After falling in love with a courtesan, Rikiya is blinded by ash during a fight in a brothel. Believing the blindness permanent and his opponent dead, Rikiya goes back home to his sister. ... See full summary »
In Kabuki style, the film tells the story of a remote mountain village where the scarcity of food leads to a voluntary but socially-enforced policy in which relatives carry 70-year-old ... See full summary »
The mother of a feudal lord's only heir is kidnapped away from her husband by the lord. The husband and his samurai father must decide whether to accept the unjust decision, or risk death to get her back.
In 1160, in the Heian Period, Lord Kiyomori travels with his court to another feud and his Castle Sanjo is invaded by two other lords, in a coup. The loyal samurai Moritoh Enda asks the court lady Kesa to pose of the lord's sister to create a diversion while the lord's real sister and his father flee in the middle of the people. Then Moritoh travels to meet Lord Kiyomon and fights with him to defeat the enemies and the coup fails. Lord Kiyomon rewards the warriors that helped him and when he asks Moritoh what he wishes, he requests to marry Kesa. The lord grants his wish but soon he learns that Kesa is married with Wataru Watanabe, a samurai from the imperial guard. Moritoh harasses Kesa and threatens her, promising to kill her husband, her aunt and her if she does not marry him. Kesa's decision leads the trio to a tragic fate. Written by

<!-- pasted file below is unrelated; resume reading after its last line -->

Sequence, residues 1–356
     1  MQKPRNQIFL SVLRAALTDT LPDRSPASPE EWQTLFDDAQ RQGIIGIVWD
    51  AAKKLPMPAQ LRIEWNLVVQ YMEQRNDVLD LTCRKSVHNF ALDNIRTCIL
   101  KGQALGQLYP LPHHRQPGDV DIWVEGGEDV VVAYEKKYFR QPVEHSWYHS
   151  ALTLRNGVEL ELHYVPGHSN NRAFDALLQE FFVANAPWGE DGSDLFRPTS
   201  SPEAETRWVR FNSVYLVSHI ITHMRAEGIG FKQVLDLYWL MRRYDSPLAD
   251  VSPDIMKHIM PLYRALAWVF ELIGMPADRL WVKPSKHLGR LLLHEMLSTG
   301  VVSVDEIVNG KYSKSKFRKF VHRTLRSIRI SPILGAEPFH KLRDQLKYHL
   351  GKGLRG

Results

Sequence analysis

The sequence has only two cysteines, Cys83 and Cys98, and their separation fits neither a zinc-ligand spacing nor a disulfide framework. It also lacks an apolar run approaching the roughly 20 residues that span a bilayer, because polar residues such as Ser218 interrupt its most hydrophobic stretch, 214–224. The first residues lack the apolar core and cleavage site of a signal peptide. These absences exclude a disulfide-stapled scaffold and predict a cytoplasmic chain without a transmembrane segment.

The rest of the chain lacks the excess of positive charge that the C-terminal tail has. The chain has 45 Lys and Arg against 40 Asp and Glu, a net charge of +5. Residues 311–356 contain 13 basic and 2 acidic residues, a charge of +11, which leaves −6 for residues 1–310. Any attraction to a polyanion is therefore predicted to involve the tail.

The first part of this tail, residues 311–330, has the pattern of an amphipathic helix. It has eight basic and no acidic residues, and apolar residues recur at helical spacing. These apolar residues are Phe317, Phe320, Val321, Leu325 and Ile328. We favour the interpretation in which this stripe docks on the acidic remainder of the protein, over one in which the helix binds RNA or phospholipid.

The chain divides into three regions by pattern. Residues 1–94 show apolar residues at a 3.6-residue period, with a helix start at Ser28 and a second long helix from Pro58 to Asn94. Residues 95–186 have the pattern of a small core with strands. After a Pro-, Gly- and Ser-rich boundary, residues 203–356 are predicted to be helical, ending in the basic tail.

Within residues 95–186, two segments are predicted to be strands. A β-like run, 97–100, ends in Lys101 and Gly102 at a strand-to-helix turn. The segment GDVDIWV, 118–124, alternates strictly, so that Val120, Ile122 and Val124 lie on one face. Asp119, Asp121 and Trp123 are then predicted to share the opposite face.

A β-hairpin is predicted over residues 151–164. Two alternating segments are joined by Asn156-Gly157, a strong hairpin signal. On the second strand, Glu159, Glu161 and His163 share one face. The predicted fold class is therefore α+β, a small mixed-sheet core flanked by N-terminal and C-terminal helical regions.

Claudio Carvalho, Rio de Janeiro, Brazil
Visa de contrôle cinématographique France : #15760(subtitled version) or #15760/D (dubbed version). See more »
Brother, please don't be a traitor. This isn't you.
I know what I'm doing. What good will it do for you to serve Kyomori?
I don't know. Once you serve him though, he's your master forever. How can you betray him in his absence?
It's not cowardice. It's shrewd stratagy. I'm sorry to tell you Kiyomori won't be coming back.
How can a pack of mutts defeat the Taira Clan?
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Janus Films' re-subtitled version, prepared for video releases, translates Kazuo Hasegawa's name as "Cazuo Hasegawa." See more »
I saw this film in 1970 or 1971 in New York and have remembered it ever since. We came in late to a double feature and didn't see the title--I have been unsure of it all these years. It features impressive battle scenes, a heart-wrenching love story and beautiful cinematography. It is also the first film I ever saw that depicted medieval Japanese culture in all its glory. The beautifully photographed compound of the shogun is, by itself, worth the price of admission. There are many interior shots, showing beautiful rooms with sliding screens that figure in the plot. Now I would dearly love to see Gate of Hell again, but apparently it is not available on DVD. Criterion, here is a worthy quest for you!!
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